Clarke’s Third Law, Hannah McNicholas

It started with a crack in the wall.

Avril noticed it when she moved in, a fine, hairline fissure in the plasterwork. It started high in the corner of the room, above the bookshelves she’d spent the past two hours assembling. The crack crept down from the ceiling and split into infinitesimal threads like tiny river deltas.

She could have sworn that it wasn’t there when she’d inspected the place. She’d checked the house over before she signed on it, every nook and cranny, and aside from a little water damage in the bathroom and some stained carpets, she hadn’t noticed anything wrong. But the crack was incredibly fine. Maybe it was only visible in the afternoon, the sun slanting rich and golden through the blinds. Maybe it had appeared sometime between the inspection and the move, the mark of lazy removalists. Summer had set in early this year; maybe the sudden heat had shrunk the plaster.

Maybe she’d just missed it.

Either way, there was a crack in her bedroom wall and it would need fixing, just like the leaking tap and the aging carpet she’d strategically placed her couches to hide. She’d have to pick up some putty and fill in the damage, some time after she finished unpacking boxes and assembling flat-packed furniture.

She made a mental note and went on sorting books.

Avril noticed it again on a Thursday, while she was struggling with her left heel. She was running late as usual, stockings twisted around her thighs, blouse half buttoned, wrestling with the tiny buckles on her shoes. She spotted it in the corner of her eye, the spider-web cracks, drawn like artists’ charcoal on the cream plasterwork.

She sighed. She’d forgotten about it, hidden it behind a collection of geology maps and oddly shaped rocks. The summer had been long and dry this year, it had probably caused the plaster to give, the crack splintering further down the wall. Its threads peeked out from behind the bookshelves like the crooked legs of a creeping insect. A shiver ran down the back of her neck.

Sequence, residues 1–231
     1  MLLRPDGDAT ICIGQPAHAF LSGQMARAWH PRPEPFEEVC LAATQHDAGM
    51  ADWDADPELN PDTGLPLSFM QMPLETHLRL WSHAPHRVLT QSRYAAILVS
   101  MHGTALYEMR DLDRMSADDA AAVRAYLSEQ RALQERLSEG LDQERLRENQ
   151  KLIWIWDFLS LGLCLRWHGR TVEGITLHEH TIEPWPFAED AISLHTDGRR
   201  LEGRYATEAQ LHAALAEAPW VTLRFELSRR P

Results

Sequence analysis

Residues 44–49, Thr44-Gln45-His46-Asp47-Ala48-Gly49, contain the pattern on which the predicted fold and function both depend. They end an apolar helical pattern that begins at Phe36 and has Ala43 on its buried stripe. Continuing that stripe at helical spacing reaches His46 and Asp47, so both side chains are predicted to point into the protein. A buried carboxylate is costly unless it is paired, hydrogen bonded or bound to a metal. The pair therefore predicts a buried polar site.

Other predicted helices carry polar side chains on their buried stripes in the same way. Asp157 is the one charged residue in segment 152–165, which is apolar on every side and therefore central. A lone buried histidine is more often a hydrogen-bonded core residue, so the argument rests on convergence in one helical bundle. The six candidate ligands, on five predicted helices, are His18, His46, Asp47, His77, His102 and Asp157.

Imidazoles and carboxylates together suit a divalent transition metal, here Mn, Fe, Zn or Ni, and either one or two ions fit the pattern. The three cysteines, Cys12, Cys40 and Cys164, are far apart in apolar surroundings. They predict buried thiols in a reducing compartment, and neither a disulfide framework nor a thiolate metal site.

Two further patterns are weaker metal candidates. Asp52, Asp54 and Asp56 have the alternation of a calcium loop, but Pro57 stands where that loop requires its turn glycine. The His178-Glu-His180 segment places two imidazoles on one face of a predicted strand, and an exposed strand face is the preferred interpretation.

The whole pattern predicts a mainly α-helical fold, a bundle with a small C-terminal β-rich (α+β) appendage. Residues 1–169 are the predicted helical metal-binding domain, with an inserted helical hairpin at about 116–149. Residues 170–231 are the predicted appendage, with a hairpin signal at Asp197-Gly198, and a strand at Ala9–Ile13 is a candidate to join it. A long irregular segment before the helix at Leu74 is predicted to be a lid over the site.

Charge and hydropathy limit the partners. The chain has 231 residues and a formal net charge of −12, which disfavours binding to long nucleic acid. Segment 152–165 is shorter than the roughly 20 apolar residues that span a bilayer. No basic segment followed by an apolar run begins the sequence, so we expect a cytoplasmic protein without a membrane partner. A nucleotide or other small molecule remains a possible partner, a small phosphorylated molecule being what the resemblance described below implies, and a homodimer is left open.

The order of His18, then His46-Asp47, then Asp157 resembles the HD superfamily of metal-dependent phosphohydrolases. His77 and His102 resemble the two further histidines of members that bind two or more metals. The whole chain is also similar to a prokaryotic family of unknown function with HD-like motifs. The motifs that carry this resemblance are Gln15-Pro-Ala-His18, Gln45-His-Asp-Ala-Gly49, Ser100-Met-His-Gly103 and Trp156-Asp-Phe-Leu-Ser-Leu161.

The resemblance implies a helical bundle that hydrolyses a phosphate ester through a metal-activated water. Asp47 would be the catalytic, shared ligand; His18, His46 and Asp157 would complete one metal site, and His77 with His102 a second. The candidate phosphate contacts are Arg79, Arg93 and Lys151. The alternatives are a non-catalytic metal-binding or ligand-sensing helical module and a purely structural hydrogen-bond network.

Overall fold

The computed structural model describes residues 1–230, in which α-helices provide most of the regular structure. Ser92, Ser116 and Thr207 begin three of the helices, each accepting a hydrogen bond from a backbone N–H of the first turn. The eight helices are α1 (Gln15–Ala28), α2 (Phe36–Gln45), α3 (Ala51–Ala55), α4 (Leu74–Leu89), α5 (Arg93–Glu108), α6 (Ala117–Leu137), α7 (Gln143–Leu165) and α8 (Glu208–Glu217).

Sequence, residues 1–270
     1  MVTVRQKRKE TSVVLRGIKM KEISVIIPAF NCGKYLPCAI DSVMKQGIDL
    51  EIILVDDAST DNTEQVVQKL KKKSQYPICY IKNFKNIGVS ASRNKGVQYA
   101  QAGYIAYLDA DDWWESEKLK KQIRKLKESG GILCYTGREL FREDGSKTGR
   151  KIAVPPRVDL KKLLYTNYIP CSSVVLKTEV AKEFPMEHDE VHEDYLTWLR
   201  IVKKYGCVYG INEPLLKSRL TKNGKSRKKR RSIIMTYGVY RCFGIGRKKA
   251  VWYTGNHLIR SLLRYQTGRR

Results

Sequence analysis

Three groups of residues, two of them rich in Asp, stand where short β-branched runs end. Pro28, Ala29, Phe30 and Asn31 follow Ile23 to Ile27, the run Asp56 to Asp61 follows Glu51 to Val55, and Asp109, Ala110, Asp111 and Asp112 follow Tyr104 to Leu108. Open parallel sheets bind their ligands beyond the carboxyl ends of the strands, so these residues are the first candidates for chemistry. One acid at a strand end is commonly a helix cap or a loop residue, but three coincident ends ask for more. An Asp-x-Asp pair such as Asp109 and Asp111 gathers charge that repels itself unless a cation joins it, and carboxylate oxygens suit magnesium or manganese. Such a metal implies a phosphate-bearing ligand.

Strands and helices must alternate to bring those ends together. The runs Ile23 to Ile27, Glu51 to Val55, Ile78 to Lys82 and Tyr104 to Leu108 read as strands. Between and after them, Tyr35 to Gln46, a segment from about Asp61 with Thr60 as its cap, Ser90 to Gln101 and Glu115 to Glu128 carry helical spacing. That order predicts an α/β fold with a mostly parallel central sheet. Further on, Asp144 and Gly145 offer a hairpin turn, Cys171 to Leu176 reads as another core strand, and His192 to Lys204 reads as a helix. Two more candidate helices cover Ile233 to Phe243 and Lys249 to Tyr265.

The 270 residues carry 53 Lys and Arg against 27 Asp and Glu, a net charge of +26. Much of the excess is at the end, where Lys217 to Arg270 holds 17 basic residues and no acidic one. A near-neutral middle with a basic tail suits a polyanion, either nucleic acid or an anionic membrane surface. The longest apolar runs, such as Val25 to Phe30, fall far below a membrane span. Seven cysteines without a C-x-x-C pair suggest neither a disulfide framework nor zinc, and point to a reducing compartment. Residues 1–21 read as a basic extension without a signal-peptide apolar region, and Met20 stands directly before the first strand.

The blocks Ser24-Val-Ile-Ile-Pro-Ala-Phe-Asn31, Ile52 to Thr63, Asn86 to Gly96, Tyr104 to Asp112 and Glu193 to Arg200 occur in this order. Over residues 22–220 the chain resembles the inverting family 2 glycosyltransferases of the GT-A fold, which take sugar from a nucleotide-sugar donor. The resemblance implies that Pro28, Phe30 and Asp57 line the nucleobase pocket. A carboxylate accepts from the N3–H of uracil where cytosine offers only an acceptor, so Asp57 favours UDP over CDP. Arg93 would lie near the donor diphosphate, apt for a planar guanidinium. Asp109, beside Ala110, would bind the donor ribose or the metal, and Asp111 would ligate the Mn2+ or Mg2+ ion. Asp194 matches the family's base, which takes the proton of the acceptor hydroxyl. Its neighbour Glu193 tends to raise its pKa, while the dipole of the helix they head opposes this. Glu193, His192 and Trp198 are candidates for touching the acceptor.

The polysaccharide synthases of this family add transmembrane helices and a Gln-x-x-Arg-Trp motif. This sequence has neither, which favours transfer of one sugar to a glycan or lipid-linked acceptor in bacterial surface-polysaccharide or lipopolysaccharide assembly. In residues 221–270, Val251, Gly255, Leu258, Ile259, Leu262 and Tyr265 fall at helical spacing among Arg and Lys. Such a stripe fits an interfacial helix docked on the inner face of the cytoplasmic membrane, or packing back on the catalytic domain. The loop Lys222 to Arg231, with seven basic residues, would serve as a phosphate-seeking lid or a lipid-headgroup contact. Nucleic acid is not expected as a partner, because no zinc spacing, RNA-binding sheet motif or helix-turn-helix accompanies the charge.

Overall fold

She didn’t linger on it. She had a full day ahead and no time to worry about cracks in her walls. Avril tied up her hair, snatched up her handbag and hurried out the door. She didn’t think of it again all day.

She noticed it again the next week when she was creeping back in early Friday morning.

There had been another quake, a 6.9 this time. It struck a few hundred miles off the coast, too far and too deep to feel on land but enough to overturn a trawler or two and send heavy waves crashing to shore. She’d been working late, kept back checking and recording the readings.

They were getting stronger, and more frequent.

She stumbled, tired, pressed a hand to the wall, winced as it creaked under her palm, and remembered the crack she hadn’t fixed yet. It was a thin, spidery line splitting the paint and plaster. She could just fit her thumbnail in the crack and had to fight back the urge to pick off flakes of peeling paint. She followed the fracture with her fingers, feeling where it branched away into smaller cracks, until she couldn’t reach any higher.

It had grown longer since last week, splintering down to eye level like the scars of a lightning strike. It was just a fraction wider too. Her head was full of tectonics and Richter numbers, and she thought vaguely the crack looked a bit like the shaky seismograph readings she’d spent the day squinting at.

She would need to do something about it before it got any worse.

Her fingers tingled faintly and she blamed it on fatigue.

The crack was the first thing she noticed when she woke up. It had spread like splinters through shattering glass, sharp lines spiked across the paint. The fissures had crept out over the wall, a tangle of veins and threads of capillaries branching from the dark fracture in the corner. She thought of the hole torn in the ocean floor.

It was an old house, she told herself. Old houses had creaks and cracks and shadows in corners. It wasn’t anything to worry about.

It was very late, or maybe very early, when she woke to a long, deep rumbling and thought there was a storm overhead. She waited for the next lightening strike, waited to count the beats between flash and thunder but the flicker-flare of purple grey never came. She pulled back the curtains and found the white glow of a full moon casting deep blue shadows in the streets below, the pinpricks of stars glittering in the inky sky, not a cloud to be seen.

The not-thunder rolled again. It started low, like a growl trapped deep in a wolf’s throat, and built to a howl, a primal roar that snatched at her sternum and shook in her skull. Avril clutched her hands over her ears but it did nothing to block out the noise and a distant corner of her mind whispered; this was the sound of the earth tearing at its seams, of islands rising from the depths and mountains growing from rock and oceans freezing over and the surge of molten stone miles beneath his feet. This was the sound of all that had ever been or would be or could be. It was ancient and forever and it was inside her head and it was angry.